Grand Hotel et des Palmes, Palermo

Grand Hotel des Palmes in Palermo Lobby

One of my favourite hotels was the Grand Hotel et des Palmes in Palermo, which is one of those early 1900’s type hotel built in the grand design of that time and is the most legendary hotel in Sicily.  Since the 19th century, it has hosted some of the island’s most important visitors, including Richard Wagner, who finished Parsifal here in 1885; Francesco Crispi, who would later become Prime Minister of Italy, taught politics here in 1882; the politician and lawyer Vittorio Emanuele Orlando would often stopover and the french writer Raymond Roussel lived at Grand Hotel et des Palmes on a permanent basis.

The hotel has seen enough murders, suicides, romantic but off-the-record liaisons, and aristocratic intrigue to provide more than enough plots for the complete works of Agatha Christie.  My favourite is the story of Baron Di Stefano who was known as ‘the secluded of the Hotel’.  He was condemned by a mafia sentence to a choice of death carried out immediately or exile.  I can imagine his dilemma, ‘death or exile? let me think for a moment, errrrm, I think I’ll have exile in a top class hotel if that’s ok?’ Sensibly he chose the latter which happened to be the seclusion at the Palmes, where he stayed for fifty years, until his death; he must have been a bit like the Major in Fawlty Towers.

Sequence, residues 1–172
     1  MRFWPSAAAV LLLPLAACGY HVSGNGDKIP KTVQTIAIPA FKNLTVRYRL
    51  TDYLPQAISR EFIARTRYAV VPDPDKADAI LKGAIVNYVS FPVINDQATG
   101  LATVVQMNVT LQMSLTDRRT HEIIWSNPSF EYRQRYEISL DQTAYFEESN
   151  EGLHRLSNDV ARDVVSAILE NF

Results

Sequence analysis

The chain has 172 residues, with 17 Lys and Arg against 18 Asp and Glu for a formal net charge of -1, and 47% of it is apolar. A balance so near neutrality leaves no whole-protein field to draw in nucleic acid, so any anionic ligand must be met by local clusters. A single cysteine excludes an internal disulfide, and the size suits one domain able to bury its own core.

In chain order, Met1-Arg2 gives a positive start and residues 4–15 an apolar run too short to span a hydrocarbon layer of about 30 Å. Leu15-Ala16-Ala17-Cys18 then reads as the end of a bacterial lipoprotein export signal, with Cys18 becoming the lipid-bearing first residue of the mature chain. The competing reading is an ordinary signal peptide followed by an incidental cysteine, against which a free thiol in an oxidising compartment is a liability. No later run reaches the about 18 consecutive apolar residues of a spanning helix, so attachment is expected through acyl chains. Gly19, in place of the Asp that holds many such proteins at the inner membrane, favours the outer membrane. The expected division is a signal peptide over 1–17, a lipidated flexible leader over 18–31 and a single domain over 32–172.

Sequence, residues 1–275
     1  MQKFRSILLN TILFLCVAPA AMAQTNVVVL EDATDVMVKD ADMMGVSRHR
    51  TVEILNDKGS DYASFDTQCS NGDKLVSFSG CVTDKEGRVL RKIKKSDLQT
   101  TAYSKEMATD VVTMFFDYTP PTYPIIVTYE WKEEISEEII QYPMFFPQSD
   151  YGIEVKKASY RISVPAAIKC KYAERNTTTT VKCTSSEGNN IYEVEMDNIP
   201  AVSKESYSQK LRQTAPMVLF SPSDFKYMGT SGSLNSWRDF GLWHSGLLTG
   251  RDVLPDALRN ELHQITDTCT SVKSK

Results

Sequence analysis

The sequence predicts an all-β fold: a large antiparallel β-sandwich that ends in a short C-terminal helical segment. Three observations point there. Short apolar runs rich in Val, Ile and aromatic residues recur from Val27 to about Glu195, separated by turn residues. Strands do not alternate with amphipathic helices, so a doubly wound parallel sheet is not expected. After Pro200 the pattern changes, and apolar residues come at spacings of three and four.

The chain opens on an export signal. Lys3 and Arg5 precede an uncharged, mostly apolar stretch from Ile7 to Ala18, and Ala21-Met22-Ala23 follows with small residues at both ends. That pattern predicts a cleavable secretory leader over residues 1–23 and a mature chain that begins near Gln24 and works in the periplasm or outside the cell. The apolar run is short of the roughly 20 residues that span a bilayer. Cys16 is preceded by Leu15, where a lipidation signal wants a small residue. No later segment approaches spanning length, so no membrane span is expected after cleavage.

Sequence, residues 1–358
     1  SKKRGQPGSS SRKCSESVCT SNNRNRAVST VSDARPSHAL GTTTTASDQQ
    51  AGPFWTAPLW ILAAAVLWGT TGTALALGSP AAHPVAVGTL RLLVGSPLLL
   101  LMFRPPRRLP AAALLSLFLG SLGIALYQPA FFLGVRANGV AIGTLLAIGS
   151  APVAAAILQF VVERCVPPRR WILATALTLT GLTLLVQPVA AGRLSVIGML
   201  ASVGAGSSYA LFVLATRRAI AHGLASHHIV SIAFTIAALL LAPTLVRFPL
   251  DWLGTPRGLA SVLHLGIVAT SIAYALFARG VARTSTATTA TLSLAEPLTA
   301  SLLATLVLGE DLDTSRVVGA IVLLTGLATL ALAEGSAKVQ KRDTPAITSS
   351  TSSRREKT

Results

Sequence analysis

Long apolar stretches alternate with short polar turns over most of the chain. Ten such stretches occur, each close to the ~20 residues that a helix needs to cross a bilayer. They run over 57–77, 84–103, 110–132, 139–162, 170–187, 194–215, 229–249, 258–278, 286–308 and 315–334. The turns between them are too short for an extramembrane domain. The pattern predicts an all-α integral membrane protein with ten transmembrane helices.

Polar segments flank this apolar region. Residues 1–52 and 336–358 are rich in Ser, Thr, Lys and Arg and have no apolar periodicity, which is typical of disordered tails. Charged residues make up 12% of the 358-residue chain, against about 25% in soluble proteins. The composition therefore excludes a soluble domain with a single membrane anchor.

The public areas had classy furnishings, towering marble pillars, and antique chandeliers that evoke the greatness of an elegant and refined bygone era and although the bedrooms can sometimes be disappointing in these sort of hotels the attentive porter showed us to a spacious and superior room at the rear of the hotel with nice furniture and decoration, a recently refurbished bathroom and a mini-bar. It wasn’t dissimilar to the Hotel Royal Victoria in Pisa but not nearly so unusual and with a room on the back, and therefore not overlooking the busy Via Roma at the front, I was pleased that it was not nearly so noisy either.  I checked out the mini-bar but at a prohibitively expensive €7 for a small bottle of beer quickly closed the door again and decided that I could wait until I found somewhere with sensible alcohol prices.


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